Health Tech Insider focuses on the health and medical applications of wearable technology, leaving the broad and largely consumer-based fitness market for others to cover (including our sister publication, Wearable Tech Insider). However, the lines between fitness applications and those aimed at health and medical issues continue to become blurred. The systems that can help you train more effectively to become more physically fit generate data that can be used to detect injury or possible health problems.

As a result, “fitness” devices are driving progress on the health and medical side as well. And according to a new report by Juniper Research, professional sports are playing a major role in the growth of sophisticated wearable technology. “Smart Wearable Devices: Worldwide Consumer & Enterprise Markets 2015-2020” predicts that the wearable device market will triple from about $3.3 billion this year to more than $10 billion in 2020. One of the interesting notes about the report, however, states that “hundreds of thousands of connected garments used by professional sports teams showcase wearable technology’s most advanced capabilities.” This is a largely hidden market, but it makes sense. Not only do team trainers and coaches want to get the best performance possible from each individual player, they also are highly motivated to keep these expensive personnel healthy and productive. When you’re spending a million dollars or so a year on an elite athlete, you can afford to apply some cutting edge technology to protect this investment.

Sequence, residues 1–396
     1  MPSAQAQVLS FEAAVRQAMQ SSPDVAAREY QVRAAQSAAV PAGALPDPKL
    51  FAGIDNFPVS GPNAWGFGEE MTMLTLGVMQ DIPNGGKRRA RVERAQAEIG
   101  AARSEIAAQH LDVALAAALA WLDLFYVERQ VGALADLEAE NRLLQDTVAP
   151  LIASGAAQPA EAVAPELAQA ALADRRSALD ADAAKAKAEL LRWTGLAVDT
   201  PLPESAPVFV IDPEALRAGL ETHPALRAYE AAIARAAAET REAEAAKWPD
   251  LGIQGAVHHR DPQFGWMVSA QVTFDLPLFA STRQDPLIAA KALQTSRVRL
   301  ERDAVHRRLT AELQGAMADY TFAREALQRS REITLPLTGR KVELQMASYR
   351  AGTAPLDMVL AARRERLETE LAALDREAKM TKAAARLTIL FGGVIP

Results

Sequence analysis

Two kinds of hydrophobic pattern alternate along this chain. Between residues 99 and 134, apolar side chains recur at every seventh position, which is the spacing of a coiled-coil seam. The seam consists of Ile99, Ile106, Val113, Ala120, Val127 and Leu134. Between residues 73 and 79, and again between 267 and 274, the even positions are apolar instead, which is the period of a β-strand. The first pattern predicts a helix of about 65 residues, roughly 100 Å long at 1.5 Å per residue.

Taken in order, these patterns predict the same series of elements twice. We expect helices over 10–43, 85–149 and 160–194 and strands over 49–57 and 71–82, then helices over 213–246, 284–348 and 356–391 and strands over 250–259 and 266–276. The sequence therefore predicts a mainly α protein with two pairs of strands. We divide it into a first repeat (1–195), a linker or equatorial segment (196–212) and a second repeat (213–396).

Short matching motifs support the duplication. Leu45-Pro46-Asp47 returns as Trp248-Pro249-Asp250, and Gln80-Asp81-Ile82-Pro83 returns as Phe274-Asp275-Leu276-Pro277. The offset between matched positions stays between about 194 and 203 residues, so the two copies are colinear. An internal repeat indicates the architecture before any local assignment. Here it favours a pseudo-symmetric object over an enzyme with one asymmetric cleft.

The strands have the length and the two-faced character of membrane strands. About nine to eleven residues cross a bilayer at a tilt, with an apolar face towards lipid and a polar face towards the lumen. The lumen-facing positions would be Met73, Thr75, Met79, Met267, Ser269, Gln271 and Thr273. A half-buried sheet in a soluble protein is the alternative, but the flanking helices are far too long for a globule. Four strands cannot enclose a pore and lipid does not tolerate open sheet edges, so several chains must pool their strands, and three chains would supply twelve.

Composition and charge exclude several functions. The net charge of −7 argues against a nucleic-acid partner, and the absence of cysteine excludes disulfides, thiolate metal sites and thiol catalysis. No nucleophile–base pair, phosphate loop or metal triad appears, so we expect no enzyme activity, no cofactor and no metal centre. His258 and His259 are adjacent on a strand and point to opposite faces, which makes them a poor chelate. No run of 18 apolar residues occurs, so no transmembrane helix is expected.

The professional sports proving grounds will rapidly lead to benefits for consumers, and not just fitness buffs. This market for “hundreds of thousands” of smart garments is going to pave the way for large volume production, which will drive down costs and lead to increased functionality. The smart shirts and other gear that help keep pro athletes healthy will soon be available to the rest of us.